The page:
Type 1 Diabetes Kills Cells in the Body: Are they useful ones?

by Health Please

Posted on 11:34AM Sep 19, 2018 in General

Type 1 Diabetes Kills Cells in the Body: Are they useful ones?

Type 1 Diabetes is a chronic disease that destroys the body’s ability to produce insulin, a hormone used to break down and store energy from foods, in the Body in the form of glucose or sugar. In the absence of insulin, high levels of fat and glucose remain in the bloodstream. In the long run, this can severely damage the vital body organs. Type 1 Diabetes, earlier referred to as insulin-dependent or juvenile diabetes, is normally caused at any age and is most frequently diagnosed during adulthood. In India, around 97,000 children have been affected by this condition. There is no specific known cause of Type 1 diabetes. Attempts to find specific causes have left scientists often bewildered, as no amount of research has enabled them to know the exact causes. However, after extensive research and lab tests using modern lab testing software and other techniques, the scientists have started to believe that a combination of genetic and environmental factors are responsible for causing this condition, which approximately forms around 5 percent of the total population affected by diabetes in general.

Do Type 1 Diabetes kills Useful Cells In The Body?| Health Please

The symptoms of Type 1 Diabetes include dehydration, weight loss, and diabetic ketoacidosis. The presence of extra sugar in the blood stream makes the patient visit the washroom more often and through frequent urination, the patient keeps losing a lot of water from the body, and that leads to dehydration. The glucose that goes out of the body with urine also takes with it a lot of calories, which is precisely why a lot of people with diabetes get into a phase where they lose a lot of weight. With absence of insulin due to the absence of islet cells, the body never has glucose at its disposal to break down for energy. Thus, to find itself a source of energy, the body starts breaking down fat cells, which in turn creates a chemical called ketones. The liver releases stored that goes unused, and this gets stored up in the blood along with the acidic ketones.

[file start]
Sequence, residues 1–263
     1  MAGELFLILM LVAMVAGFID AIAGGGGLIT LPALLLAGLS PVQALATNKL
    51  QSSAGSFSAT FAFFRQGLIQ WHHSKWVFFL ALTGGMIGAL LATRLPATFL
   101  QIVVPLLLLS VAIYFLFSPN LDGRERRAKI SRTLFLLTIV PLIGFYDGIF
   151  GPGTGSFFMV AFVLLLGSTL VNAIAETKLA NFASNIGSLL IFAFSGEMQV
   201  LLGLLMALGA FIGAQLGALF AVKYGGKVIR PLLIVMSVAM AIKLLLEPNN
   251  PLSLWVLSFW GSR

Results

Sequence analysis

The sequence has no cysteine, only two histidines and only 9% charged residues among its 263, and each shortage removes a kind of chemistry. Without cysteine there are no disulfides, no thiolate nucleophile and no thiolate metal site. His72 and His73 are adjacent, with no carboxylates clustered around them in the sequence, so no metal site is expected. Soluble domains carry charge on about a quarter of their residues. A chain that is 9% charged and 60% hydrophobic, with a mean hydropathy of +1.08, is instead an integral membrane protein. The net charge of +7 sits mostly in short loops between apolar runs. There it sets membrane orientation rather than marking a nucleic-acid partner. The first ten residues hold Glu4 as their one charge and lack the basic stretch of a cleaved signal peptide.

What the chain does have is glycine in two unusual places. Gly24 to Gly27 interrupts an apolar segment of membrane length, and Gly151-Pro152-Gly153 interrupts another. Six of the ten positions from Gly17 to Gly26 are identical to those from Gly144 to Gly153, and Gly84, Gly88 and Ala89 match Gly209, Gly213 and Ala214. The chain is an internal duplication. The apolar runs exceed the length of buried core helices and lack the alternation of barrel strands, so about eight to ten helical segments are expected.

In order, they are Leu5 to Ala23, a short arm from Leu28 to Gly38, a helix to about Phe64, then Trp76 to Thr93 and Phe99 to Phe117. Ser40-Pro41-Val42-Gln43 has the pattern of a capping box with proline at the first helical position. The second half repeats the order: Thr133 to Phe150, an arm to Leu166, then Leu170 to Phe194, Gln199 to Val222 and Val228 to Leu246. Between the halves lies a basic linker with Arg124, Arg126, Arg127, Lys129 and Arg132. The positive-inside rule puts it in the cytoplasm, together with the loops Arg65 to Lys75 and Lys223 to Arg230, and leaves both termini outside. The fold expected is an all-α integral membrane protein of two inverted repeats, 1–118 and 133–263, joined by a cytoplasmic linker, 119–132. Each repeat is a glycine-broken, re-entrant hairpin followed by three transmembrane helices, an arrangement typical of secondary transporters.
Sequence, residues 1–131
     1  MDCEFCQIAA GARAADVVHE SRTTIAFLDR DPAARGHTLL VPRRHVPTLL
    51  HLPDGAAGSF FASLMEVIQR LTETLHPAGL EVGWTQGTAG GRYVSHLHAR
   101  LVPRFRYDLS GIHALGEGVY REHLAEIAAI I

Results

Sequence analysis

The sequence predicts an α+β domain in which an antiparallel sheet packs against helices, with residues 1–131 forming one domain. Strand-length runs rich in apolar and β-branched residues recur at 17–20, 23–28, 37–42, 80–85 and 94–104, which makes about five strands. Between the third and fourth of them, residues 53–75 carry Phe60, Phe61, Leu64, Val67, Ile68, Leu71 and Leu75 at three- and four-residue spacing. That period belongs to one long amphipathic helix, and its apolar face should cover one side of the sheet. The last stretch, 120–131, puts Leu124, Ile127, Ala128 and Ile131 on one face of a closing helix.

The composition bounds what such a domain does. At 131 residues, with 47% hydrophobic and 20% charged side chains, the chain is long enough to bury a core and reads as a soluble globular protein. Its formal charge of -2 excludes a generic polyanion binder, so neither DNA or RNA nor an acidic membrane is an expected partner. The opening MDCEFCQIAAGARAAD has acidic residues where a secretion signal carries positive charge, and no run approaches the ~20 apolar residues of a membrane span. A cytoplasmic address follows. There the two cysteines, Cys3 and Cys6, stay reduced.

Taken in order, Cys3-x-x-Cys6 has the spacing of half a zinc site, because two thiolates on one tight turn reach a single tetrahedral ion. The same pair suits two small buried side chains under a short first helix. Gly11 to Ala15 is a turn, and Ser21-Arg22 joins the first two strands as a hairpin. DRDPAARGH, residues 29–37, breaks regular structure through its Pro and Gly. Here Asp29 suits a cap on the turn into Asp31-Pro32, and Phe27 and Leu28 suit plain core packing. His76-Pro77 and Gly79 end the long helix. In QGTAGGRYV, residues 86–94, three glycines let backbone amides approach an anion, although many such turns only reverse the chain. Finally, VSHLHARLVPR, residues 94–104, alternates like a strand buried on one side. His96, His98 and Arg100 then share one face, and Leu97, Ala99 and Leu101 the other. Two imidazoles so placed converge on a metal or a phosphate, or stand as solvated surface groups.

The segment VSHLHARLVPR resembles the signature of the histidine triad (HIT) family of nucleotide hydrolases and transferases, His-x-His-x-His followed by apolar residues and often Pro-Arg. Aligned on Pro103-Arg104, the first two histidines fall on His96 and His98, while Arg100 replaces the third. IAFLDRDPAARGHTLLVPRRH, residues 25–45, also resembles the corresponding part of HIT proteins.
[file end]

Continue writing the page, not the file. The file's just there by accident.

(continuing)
This combination of blood sugar and ketones is called ketoacidosis and it can be life threatening if not treated immediately. As mentioned above, the type 1 diabetes indirectly damages your body by affecting vital organs over a period of time. To be specific, high glucose levels in the blood start affecting small blood vessels in eyes, kidney and heart, which is exactly why we hear many diabetes patients losing vision over time, while other few experience kidney failure and heart related diseases.

Type 1 diabetes is the least prevalent among diabetes case – as mentioned above, only about 5 percent of diabetic people have type 1 diabetes. It is an autoimmune disease where the Body loses its ability to recognize its own insulin producing beta cells, also known as the islet cells and starts destroying them. A few of the islet cells still manage to survive and even persist and proliferate for years after the disease has started. There are several blood tests and lab tests to diagnose the type 1 diabetes. A random blood sugar test helps ascertain the random blood sugar. A reading of 200 milligrams per decilitre (mg/dL) or 11.1 millimoles per liter (mmol/L) or higher suggests diabetes. Glycated haemoglobin (A1C) test indicated the average blood sugar level for the past two to three months. Fasting blood sugar test also helps. Various blood tests to detect anti-bodies that are common in type 1 diabetes and urine tests to check for the presence of ketones also suggest type 1 diabetes.